The bird-watchingbug is spreading faster than ever, striking people of almost all ages andoccupations. There is no question that it is deeply infectious. For example,Bill Shelton, SI's Florida correspondent who covered the Cocoa count as hisfirst bird-watching assignment, attached the following note to hisdispatch:
"This was afascinating assignment. Incidentally, I spotted the first white pelicans (with9-foot wingspreads) seen on the count. Think I'll join these birdersmyself."
[This articlecontains a table. Please see hardcopy of magazine or PDF.]
When the country's most ardent bird watchers turnedout to make their annual Christmas Bird Count, most of them armed themselveswith pocket bird guides written and illustrated by Roger Tory Peterson. Theseguides are the bibles of American amateur ornithologists, just as Peterson isthe high priest of the bird-watching fraternity. To the envy of bird watcherseverywhere, Peterson holds the record of having seen more kinds of NorthAmerican birds in a single year—572—than any other watcher at any time, and hispowers of identification are uncanny. He not only knows the songs of birds butalso their chip notes (noises other than songs). Even blindfolded, he can namethe birds about him if they are making sounds. Peterson became interested inbirds when he was 11, has been studying them and painting them ever since. Onthe following pages Peterson has painted for SI the birds he would seek mosteagerly in different parts of the U.S. on a Christmas census—some chosenbecause they are rare, others for their beauty.
PINE GROSBEAK: "Although not a rare bird, the pinegrosbeak invades the Northeast area in erratic waves. It was observed in largenumbers last year."
SPOT-BREASTED ORIOLE: "The pi√®ce de résistance inthe Miami region of Florida, this bird mysteriously appeared there from CentralAmerica in August 1949."
BOHEMIAN WAXWING: "This winter visitor from Alaskaand the Canadian northwest cannot be depended upon. I personally haven't seenone east of Denver."
WHITE-TAILED KITE: "A lovely, hawklike bird, ithas become rare in the U.S. This would be my most looked-for species in centraland southern California."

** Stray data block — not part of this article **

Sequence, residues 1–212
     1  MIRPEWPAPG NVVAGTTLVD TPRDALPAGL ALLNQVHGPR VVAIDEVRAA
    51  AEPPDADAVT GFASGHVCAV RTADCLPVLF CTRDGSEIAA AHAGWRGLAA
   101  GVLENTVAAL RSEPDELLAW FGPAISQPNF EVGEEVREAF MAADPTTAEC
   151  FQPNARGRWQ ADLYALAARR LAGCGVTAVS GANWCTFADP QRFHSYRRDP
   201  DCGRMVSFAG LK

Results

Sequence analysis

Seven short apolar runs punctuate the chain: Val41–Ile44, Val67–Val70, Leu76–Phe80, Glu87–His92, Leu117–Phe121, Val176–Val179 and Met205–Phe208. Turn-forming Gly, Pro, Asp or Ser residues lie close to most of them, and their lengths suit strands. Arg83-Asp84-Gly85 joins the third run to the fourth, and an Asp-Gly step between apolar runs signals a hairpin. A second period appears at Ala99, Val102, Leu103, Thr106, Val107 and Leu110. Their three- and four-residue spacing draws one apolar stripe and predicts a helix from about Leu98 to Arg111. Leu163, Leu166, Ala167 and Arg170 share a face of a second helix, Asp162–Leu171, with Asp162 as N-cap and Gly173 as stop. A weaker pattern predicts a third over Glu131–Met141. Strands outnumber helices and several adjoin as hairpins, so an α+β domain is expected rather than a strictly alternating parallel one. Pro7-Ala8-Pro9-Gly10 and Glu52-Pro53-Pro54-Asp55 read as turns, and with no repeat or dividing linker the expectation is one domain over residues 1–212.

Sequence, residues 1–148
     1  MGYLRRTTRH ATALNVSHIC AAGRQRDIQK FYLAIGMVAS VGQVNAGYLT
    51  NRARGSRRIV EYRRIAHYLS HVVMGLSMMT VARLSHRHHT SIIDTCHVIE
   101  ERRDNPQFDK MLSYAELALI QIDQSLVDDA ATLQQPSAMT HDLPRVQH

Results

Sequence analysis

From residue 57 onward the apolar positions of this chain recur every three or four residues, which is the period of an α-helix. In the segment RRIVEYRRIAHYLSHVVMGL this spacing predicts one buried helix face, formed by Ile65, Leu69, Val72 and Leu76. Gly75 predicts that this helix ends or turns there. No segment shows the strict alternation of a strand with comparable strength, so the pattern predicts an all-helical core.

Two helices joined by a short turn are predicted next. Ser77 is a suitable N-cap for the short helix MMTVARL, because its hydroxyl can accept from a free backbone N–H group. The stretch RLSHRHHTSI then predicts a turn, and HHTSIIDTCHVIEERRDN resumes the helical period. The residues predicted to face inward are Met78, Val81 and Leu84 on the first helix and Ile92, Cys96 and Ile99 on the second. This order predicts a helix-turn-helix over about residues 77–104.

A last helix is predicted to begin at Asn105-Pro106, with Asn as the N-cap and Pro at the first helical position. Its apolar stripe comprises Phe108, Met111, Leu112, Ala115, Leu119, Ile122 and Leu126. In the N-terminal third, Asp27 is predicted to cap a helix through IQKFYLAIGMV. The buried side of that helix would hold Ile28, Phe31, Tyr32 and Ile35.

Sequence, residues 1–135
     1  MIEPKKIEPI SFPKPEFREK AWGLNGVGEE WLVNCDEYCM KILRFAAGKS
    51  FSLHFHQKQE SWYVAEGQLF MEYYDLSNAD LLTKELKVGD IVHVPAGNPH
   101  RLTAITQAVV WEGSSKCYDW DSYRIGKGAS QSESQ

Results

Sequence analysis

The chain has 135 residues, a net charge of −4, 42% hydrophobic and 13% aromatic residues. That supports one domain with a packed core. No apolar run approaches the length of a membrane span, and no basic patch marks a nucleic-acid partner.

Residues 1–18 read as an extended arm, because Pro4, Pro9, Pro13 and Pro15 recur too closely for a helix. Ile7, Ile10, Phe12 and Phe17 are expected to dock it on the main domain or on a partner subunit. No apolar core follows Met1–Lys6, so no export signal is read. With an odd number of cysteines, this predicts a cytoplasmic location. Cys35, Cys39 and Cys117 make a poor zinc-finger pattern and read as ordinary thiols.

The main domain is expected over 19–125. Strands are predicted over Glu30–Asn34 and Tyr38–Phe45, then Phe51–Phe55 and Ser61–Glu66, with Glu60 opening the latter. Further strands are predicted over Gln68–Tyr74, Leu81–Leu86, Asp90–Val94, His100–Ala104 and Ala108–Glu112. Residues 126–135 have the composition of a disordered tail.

APLOMADO FALCON: "Now all but vanished from theU.S., this falcon is what I would most like to find along the border from theRio Grande to Arizona."
EUROPEAN WIDGEON: "A small population of them,believed to come from Iceland, elects to spend the winter on the Atlanticseaboard instead of in Europe."
CATTLE EGRET: "A newcomer from the Old World, itis now spreading out rapidly and will probably be seen in the Gulf states fromFlorida to Texas."
SMITH'S LONGSPUR: "This rather plain little birdwinters on the southern Great Plains and is one of the few North American birdswhich I have never seen."
THREE-TOED WOODPECKER: "This is the bird I wouldmake an effort to see in Canadian evergreen forests. Unlike most other malewoodpeckers it has a yellow cap."
SNOWY OWL: "Look for this large white owl on thenorthern prairies and along the northeastern sea- coast; an irregular visitorfrom the arctic."
HOW SI COVERED BIRD COUNT
While bird-watching groups across the nation wereorganizing themselves for the big bird count, SI was deploying its own forcesto cover the event under the guidance of Writer John O'Reilly. CorrespondentWilliam Shelton accompanied the Cocoa, Fla. team; James Rowe watched with theSan Benito, Texas group; Frank Nye was at Davenport, Iowa; Robert Nichols atSan Diego, Calif. and Robert Stein at Portland, Ore. O'Reilly covered the CapeMay, N.J. count and later compiled the telegraphed reports into thiscomprehensive summary.
ROGER TORY PETERSON
TOP U.S. BIRD WATCHERS who joined forces to help Cocoa, Fla. group beat record included, left to right: Allan D. Cruickshank (leader); Dr. Joseph Howell (University of Tennessee); Roger Tory Peterson (at the Balscope); Foster White and Henry Bennett.
HOOTING UP OWLS at 3 a.m. in New Jersey, Ed Reimann (left) and Jack Wykoff spotted three great horned specimens.
LOOKING OVER DUCKS on Lily Lake, a Cape May, N.J. bird watcher identifies and counts pintail, shoveler and black duck in flock.